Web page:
I love the Yogi Berra quote, "You can observe a lot just by watching." Although humorous, there’s a lot of truth to Yogi’s statement. Problem with running is that it’s hard to watch yourself. Which reminds me of something Thoreau said, “It is as hard to see one’s self as to look backward without turning around.” You can learn from watching others, but it’s pretty dang hard to watch yourself without tripping and causing bodily harm. And that ain’t good. So, if you’re having some issues with your running, what are you to do?
Well, you can read lots of books and there are a ton out there, many with great information (just check out the Book Review section of the blog). But, while all that info is great, it still may not apply to you and your specific issues. You can visit a running coach like me and he/she can give you great info, but unless I’m with you running every day, I’m still only able to speak to you in generalities which reminds me of something Mark Twain said, “All generalization are false, including this one.” (I love that.)
So, read the books and check in with your running coach or sports doc. All that info will make you more informed and a better runner, but then take it a step further. You need to analyze yourself. Keeping a running journal is a great way to record your running habits. For years (before the dawn of laptops, PDAs, tablets, iPhones and apps) I religiously kept a running journal. I’d record my weekly mileage and jot down information about the weather, my mood, and so on. This was a great way for me to mentally reflect on my runs. The problem was that it was hard to track any trends in my running. Good or bad.
Fortunately, today there are tons of apps and websites out there that let your track all kinds of information about your daily running. I use many of them myself. The only thing I’ve found lacking in them is they’re still not catered to me. Any running is all about me, right? LOL! Well, when it comes to figuring out why I’m having this ache or pain or that, it’s definitely all about me.
I’ve found that tracking my runs on a spreadsheet can be very helpful. Someone once said, “Half of analysis is anal.” There are no words more true. So, I’m not recommending that your speed hours tracking minute details of every run (unless you just like doing that), but if you’re having some issues and can’t seem to find the answers to resolve them, then sometimes taking a closer look at your running habits over a short period of time can really be enlightening.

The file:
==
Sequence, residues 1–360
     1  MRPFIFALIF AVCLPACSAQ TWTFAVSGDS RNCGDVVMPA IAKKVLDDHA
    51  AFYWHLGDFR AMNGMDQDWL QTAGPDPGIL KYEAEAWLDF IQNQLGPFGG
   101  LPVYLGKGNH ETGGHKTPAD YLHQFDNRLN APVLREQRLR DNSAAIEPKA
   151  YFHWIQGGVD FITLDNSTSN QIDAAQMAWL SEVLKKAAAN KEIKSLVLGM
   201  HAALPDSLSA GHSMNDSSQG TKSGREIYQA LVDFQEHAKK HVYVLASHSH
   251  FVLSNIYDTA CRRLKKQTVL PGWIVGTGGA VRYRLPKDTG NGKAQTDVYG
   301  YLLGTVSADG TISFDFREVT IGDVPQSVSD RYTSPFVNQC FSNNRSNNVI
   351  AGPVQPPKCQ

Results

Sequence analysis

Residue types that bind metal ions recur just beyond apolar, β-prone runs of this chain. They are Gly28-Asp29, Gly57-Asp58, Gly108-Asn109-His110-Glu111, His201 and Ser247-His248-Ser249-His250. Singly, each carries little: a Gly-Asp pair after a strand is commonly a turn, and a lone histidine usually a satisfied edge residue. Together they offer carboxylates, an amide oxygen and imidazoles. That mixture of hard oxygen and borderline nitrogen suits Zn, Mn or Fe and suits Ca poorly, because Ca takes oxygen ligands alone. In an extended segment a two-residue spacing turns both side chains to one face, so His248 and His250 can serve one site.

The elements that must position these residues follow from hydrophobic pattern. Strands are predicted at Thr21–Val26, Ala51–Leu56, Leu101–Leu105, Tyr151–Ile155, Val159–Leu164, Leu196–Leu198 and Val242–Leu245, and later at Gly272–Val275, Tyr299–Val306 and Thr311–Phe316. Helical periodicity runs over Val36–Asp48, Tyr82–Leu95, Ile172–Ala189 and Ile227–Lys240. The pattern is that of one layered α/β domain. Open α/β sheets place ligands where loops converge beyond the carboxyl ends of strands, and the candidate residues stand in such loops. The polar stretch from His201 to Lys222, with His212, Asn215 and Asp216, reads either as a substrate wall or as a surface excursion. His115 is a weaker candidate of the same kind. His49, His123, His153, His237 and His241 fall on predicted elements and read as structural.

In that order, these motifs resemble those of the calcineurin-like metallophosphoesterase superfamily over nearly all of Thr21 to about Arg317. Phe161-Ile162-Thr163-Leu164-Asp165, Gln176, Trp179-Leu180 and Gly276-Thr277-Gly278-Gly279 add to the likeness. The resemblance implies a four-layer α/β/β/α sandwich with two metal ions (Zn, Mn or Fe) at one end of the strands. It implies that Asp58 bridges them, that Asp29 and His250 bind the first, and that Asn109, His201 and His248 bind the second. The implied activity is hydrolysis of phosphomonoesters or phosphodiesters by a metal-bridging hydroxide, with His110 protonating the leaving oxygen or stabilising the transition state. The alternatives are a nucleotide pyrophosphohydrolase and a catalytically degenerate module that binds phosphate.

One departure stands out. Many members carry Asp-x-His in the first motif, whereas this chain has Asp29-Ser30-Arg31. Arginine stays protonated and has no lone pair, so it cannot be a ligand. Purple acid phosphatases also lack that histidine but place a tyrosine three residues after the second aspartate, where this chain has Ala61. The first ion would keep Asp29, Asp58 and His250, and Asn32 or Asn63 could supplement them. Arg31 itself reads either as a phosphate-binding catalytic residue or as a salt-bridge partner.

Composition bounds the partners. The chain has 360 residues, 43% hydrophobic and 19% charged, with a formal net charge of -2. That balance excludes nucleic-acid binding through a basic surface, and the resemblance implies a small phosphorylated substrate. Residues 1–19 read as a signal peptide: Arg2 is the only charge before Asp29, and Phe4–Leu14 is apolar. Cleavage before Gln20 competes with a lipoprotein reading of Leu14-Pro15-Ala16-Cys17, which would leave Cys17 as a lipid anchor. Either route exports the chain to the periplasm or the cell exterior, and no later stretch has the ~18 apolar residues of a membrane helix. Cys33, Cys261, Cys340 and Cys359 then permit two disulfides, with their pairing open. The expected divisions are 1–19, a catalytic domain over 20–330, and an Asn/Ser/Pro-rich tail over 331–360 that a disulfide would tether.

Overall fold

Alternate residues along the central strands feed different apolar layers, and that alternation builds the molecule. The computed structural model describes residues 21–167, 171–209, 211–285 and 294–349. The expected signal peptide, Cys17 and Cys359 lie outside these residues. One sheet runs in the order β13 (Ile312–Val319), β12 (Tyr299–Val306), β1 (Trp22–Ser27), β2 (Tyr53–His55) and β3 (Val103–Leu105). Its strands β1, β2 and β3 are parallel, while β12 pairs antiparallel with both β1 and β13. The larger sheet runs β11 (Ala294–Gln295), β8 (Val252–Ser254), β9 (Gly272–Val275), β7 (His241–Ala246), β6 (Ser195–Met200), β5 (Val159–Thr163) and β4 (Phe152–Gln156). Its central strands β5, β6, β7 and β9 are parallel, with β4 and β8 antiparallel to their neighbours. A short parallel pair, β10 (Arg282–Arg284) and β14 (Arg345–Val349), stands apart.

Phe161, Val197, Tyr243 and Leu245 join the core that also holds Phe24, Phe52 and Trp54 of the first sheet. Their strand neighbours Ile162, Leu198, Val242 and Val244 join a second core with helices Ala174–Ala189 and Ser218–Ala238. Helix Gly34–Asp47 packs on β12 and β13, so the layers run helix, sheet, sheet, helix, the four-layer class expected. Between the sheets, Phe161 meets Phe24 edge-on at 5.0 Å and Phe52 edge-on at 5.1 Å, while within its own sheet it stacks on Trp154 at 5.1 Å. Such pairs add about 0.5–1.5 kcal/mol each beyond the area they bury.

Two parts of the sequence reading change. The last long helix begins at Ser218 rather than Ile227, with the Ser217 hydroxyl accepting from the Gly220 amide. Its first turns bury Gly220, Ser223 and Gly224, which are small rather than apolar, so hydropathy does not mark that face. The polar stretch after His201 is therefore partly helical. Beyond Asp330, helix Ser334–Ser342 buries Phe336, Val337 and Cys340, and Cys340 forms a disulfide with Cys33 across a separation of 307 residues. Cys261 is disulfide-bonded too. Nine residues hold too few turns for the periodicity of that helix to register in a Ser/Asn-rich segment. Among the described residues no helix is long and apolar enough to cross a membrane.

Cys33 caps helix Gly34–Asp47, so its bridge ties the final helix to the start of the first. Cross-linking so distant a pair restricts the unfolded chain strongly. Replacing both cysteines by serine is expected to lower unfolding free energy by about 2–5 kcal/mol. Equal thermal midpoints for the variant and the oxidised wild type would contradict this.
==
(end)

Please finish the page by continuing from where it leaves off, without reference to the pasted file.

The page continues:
Customize your spreadsheet by creating column headers for each type of run you do (trail, road, sidewalk, etc) as well as type of workout (easy, long, tempo, intervals, hillwork) and distance. Then add weather conditions, your various shoes, time of day (morning, midday, afternoon). Next, add more columns for other factors such as if you fueled pre- and post-run, stretched pre- and post-run. Then add columns for aches and pains (sore knees, sore ankles, sore hips, sore whatevers.) Finally add columns that rate the run (Jubilant, Great, Mediocre, Horrible, etc.). The rows down the first column (on the far left of your grid) are where you’ll record the date of each run.
Now you're ready to start recording your data. For a month, after each run scan across the columns and put a check mark in each column that applies to that specific run.
Here comes the fun part. The thrill of the sort! Spreadsheets are so wonderful because you can sort the data. Sort by the various column headers and see what trends appear. For example if you’re having issues with your knees, then do a sort by the “Sore Knee” column and only the runs in which you’ve checked “Sore Knees” will appear. Now you can scan the data and see what other data surfaces. You may see that every time you have sore knees, you’re also wearing that older pair of running shoes. Or, maybe it’s only on the days that you’re running on the sidewalk. Or maybe it’s the days you’re wearing the older shoes and running on the sidewalk. In either case, you can start to see certain trends and now you have something tangible to help you make modifications. This will quickly help you see patterns in your running that you can avoid or try to repeat.